Kelly Darwin, from Seriously Creative.

Facebook, privacy, and the potential of the internet

What’s next for social media?

A whopping 22 million people in Canada use social media regularly.

And wherever the public is, advertisers are close behind. Because of the recent press coverage of the Cambridge Analytica scandal, people have become more aware of just what advertisers can do with the information we share online. But for social media marketer Kelly Darwin, this is progress, bringing people one step closer to making the most of their internet connection.

“People knew that [social media sites] collected your data. But I don’t think they realized how much that info is worth,” Darwin explains.

Cambridge Analytica is a political consulting firm that reluctantly became front page news in early 2018. The private company was caught selling information they collected about Facebook users in order to power political campaigns and sway votes during major geopolitical events last year, including the US presidential election and the Brexit referendum.

Darwin is one of the founders of Seriously Creative. The Victoria marketing agency launched its first Facebook campaign in 2006. But Darwin says that the most significant changes in social media marketing in recent history have come about in the last 3 months.

“We’ve seen the biggest change in the last 8 – 12 weeks, with Facebook making moves to stop what they’re calling ‘fake news,’ in order to bring the experience back to a more personal one versus the business-driven model it is now.”

Darwin thinks that targeted advertising can be a good thing. “If you’re getting ads picked for you, you’re only going to see things that you’re interested in. So the experience of being on social media becomes more unique to you, more personal.”

That makes social media a powerful tool users can harness to customize their lives, as long as they’re aware that what they’re looking at is advertising.

“Part of it is being aware of how the content you see looks. The photo fits the story better, the images are well lit, and the content has proper grammar and is well written,” he says.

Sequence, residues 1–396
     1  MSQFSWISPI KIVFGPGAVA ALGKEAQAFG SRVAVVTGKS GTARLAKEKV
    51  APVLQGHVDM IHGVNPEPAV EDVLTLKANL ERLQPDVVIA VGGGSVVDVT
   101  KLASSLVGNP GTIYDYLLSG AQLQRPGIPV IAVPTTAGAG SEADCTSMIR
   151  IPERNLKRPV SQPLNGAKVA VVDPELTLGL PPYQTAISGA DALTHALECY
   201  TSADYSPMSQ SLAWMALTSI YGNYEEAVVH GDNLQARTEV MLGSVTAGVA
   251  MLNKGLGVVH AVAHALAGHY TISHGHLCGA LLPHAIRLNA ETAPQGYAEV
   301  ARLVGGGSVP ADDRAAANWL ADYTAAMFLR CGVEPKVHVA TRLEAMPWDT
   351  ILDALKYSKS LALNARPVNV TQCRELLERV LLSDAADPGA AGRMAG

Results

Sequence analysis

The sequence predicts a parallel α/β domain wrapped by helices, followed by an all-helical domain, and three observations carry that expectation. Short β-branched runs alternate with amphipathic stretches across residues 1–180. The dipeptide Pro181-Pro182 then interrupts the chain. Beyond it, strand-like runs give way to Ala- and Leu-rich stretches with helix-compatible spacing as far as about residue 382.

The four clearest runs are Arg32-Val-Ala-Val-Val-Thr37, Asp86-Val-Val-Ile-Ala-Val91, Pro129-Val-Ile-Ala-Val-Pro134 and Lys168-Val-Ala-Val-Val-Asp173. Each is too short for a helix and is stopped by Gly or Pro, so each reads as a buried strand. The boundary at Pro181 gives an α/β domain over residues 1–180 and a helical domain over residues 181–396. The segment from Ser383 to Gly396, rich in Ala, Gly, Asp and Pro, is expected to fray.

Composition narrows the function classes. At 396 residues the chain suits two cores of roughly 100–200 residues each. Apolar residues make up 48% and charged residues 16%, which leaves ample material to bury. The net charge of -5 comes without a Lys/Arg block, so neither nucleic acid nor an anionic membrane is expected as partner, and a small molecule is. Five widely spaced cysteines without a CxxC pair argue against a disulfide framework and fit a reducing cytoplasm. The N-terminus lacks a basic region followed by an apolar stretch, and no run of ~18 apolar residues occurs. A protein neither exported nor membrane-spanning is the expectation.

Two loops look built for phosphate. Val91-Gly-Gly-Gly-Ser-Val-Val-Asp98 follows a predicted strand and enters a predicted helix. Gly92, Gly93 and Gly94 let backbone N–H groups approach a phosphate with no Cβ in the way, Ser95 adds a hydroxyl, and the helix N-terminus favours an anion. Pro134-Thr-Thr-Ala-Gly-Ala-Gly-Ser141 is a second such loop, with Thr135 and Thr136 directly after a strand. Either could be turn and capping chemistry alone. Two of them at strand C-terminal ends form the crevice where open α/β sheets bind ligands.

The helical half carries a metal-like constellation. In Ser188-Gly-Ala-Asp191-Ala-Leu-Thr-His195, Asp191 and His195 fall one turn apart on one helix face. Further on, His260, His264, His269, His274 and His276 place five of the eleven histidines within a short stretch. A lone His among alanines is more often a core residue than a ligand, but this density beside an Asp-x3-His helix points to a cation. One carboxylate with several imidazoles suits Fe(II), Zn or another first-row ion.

“These sites are real tools that our kids can use to connect with people around the globe. It’s a different generation,” he adds. “But as long as we teach our kids how to use social media responsibly, then hopefully we can improve the entire system, not just the individual user.”

Adapting to a social media world is also an adjustment for the advertisers on the other side of the screen. Seriously Creative found that switching their internet to TELUS PureFibreTM has helped them keep up.

TELUS PureFibre is an advanced fibre optic internet network that offers businesses and residents high speed and reliable internet with benefits like symmetrical upload and download speeds of up to 150 Mbps, so they can keep up with the demands of today’s digital age.

“As a web development company, we move a lot of big files around constantly as we work. But the speed, since we’ve moved to fibre optic internet has never been an issue,” he says.

TELUS PureFibre also supports Business Connect, a voice-over-fibre telephone connection which gives businesses the ability to access their phone apps and office databases no matter where they are.

“Because social media is so smart phone driven, and this content is generated using our phones, being able to connect to our corporate phone number on all our devices using Business Connect solved a whole bunch of privacy and speed issues,” explains Darwin.

“It’s our job to keep up with the social media revolution, because there’s no going back,” he laughs.

To find out more about what TELUS PureFibre can do for your business, visit telus.com/business.

Stay connected to Seriously Creative at seriouslycreative.ca.

Comments are closed

Just Posted

‘Norovirus-like’ outbreak interrupts Bantam hockey showcase in Greater Victoria

Several athletes were sent home, quarantined on the ferry

Expect rolling street closures, bus delays as truck convoy moves through region Saturday

The annual Truck Light Convoy will roll through the region starting at 5:45 p.m.

Single mom caught up in Langford rental scam could be homeless for the holidays

Man took $3,900 cash for deposit and first month’s rent then disappeared

UPDATED: 64-year-old Victoria man David Atkins found

Atkins was found by Sooke RCMP on Saturday morning

VIDEO: Boys help rescue Cariboo bear cub

The cub, weighing just 24lbs, has been taken to wildlife sanctuary in Northwest B.C. for the winter

Greater Victoria 2019 holiday craft fair roundup

Get a jump on your holiday shopping

B.C.-born hockey official talks to IIHF about switching European rule book to NHL rules

Rob Shick will represent NHL at 4th World Hockey Forum in Russia

Miller nets winner as Canucks edge Sabres 6-5 in OT

Roussel, Leivo tally two apiece for Vancouver

$578: that’s how much your first distracted driving ticket will cost with recent premium hikes

Over 50 per cent of Canadians admitted to using phone while driving last year, according to study

Kelowna man attempts to steal bait bike from RCMP parking lot

38-year-old Brian Richard Harbison is facing several charges

‘Things haven’t changed enough:’ Ecole Polytechnique anniversary prompts reflection

Fourteen women were fatally shot by a gunman at the Montreal school on Dec. 6, 1989

Bear raids freezer, gorges on Island family’s Christmas baking

Hungry bruin virtually ignored meat and fish, focused, instead, on the sweets

Most Read